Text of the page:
A good test of the power of newspaper endorsements may be the slots referendum in Maryland. A Washington Post poll conducted between October 16 and October 20 found support for slots at 62 percent, with 36 percent opposed. Since then, the editorial boards of the Post, the Washington Times, The (Annapolis) Capital, the Easton Star-Democrat, and several other papers have come out against the referendum, while The (Baltimore) Sun wrote an editorial reversing their long-standing opposition to slots. However, reading the Sun editorial, it seems their hearts aren’t totally in it.
And since then, the race has tightened, according to a Zogby poll, which has opposition at 47.5 percent and support at 44.6 percent. It’s worth noting, however, that the Zogby poll was for Stop Slots Maryland.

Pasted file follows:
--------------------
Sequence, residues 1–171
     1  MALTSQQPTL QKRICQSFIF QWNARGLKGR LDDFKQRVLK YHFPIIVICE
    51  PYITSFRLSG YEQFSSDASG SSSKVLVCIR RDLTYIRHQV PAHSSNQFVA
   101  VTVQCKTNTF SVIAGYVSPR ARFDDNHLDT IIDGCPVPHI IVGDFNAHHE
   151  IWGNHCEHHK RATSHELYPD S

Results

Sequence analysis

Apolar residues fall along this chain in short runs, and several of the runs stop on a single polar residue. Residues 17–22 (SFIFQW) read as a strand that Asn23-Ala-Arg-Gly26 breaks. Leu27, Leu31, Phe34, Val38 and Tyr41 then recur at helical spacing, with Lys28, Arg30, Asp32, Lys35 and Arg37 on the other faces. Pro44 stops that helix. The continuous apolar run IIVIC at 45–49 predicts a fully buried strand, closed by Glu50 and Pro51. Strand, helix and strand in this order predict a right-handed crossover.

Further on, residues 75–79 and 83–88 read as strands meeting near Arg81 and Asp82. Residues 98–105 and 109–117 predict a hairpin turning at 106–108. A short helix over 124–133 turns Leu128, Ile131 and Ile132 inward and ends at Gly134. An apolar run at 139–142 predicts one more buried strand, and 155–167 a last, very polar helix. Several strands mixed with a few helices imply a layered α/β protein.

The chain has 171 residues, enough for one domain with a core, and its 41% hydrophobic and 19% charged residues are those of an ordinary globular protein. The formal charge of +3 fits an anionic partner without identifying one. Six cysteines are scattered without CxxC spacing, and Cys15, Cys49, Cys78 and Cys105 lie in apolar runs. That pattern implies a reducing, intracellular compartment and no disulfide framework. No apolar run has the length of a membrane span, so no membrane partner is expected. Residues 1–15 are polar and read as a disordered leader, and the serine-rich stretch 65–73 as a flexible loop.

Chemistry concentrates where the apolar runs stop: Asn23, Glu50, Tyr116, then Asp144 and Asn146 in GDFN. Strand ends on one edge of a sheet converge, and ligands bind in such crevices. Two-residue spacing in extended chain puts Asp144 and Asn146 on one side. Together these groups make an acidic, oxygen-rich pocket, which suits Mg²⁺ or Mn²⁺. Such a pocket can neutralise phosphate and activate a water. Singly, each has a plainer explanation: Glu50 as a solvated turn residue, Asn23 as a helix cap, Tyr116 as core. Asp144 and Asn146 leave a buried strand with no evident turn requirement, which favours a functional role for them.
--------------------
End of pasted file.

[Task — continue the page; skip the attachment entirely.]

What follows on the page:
I feel like voters may be more likely to trust editorial boards on an issue like slots. Why? Two reasons:
- The legalization of slot machines, at least in Maryland, isn’t really an ideological issue. Lots of liberals support it, lots of them oppose it. Ditto with conservatives. So people aren’t expecting the Post to toe the Democratic party line or the Times to toe the Republican party line because there is no party line. This eliminates – or at least weakens – charges of bias.
- It’s sort of a confusing issue. The claims being made by both sides are contradictory and it can be hard to make sense of them. The average voter doesn’t have time to figure out who has the right numbers between the UMBC and DLS studies. But they realize the editorial boards do.